• Thanks for the answer but the problem has been resolved so there is no way to test this for me. I'll keep it in mind if I ever have the same problem though. Thanks for the answer – Dan Jun 30 '17 at 7:23
  • This worked for me. For some reason my c:\boot had disappeared and the bcdboot command fixed it. – JumpingJezza Apr 3 '19 at 0:07

I've been battling with this problem for a couple of days after the Windows update - was beginning to thing that I's have to do a clean install of years of applications.

Came across this forum by accident and have to thank Sven Rieke for his solution and comments - brought my system back to the point of the update where it had failed to boot and am now back working again. Can't thank you all enough.

The solution - as described was

Boot Win10 installation - troubleshoot - command prompt logged into drive c: bcdboot c:\windows /v /s c: /f ALL

Using /v gives a good idea of the problems that are on the system - and for me they were legion. I've no lost 2 installations of Linux / Ubuntu from my disk but now have a clean windows - and that is what I was looking for.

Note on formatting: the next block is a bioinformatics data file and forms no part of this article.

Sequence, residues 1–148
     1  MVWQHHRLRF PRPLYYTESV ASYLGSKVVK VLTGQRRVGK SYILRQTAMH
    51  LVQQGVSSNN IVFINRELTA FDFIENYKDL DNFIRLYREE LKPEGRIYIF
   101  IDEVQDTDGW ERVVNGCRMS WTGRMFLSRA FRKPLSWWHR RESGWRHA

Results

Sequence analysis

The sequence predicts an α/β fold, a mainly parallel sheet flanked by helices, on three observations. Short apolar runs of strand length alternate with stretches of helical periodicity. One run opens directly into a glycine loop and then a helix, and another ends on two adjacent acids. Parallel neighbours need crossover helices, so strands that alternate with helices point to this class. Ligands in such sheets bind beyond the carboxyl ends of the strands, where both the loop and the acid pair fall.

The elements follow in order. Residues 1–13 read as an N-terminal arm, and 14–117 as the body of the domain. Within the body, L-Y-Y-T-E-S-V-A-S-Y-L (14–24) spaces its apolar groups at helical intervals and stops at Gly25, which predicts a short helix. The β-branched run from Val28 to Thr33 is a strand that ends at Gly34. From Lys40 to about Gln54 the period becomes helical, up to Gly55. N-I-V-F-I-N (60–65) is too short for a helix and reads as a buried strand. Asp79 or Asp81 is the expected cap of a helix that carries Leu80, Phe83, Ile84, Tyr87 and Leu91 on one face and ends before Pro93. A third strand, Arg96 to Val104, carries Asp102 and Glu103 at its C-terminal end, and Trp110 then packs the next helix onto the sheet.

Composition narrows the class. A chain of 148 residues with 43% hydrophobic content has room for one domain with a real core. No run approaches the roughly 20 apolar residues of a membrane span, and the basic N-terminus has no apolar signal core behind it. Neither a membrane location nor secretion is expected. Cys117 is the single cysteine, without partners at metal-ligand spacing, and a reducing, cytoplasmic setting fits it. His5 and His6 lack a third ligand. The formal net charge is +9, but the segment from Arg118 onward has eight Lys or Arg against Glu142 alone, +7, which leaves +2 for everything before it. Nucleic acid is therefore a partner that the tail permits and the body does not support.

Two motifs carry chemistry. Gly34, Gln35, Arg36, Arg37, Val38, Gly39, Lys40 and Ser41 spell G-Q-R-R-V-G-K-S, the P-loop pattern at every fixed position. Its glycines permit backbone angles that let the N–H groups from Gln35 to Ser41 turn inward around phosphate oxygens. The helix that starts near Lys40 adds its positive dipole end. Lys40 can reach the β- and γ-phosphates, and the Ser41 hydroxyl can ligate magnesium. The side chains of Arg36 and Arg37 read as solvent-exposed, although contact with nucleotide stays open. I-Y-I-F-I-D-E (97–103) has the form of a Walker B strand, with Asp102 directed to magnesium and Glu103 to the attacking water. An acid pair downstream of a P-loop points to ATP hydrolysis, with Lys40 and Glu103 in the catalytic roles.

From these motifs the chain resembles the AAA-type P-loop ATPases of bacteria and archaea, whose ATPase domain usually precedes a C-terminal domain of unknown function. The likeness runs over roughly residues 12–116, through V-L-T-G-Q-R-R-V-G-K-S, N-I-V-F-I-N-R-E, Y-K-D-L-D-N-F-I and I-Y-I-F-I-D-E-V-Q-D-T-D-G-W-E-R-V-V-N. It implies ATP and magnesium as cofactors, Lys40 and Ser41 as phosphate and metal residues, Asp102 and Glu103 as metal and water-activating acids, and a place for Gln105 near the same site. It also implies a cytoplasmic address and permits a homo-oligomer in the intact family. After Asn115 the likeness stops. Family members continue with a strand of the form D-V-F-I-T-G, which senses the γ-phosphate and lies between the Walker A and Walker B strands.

Now all I have to do is bring up some YouTube videos on plastering to repair the wall that I've been banging my head against for the last couple of weeks


| improve this answer | |

Check if the partition that you want to boot from is set to active

You can make use of diskpart in the command prompt to check the partition of the disk

| improve this answer | |
  • Thanks for the answer but I have already tried that and the problem has been resolved. Thanks for the answer – Dan Dec 30 '16 at 23:39
  • Active partitions are a thing of the past from the BIOS/MBR era. Drives should all be GPT now and boot should be UEFI – Magix Sep 8 '19 at 19:05

Your Answer

By clicking “Post Your Answer”, you agree to our terms of service, privacy policy and cookie policy

Not the answer you're looking for? Browse other questions tagged or ask your own question.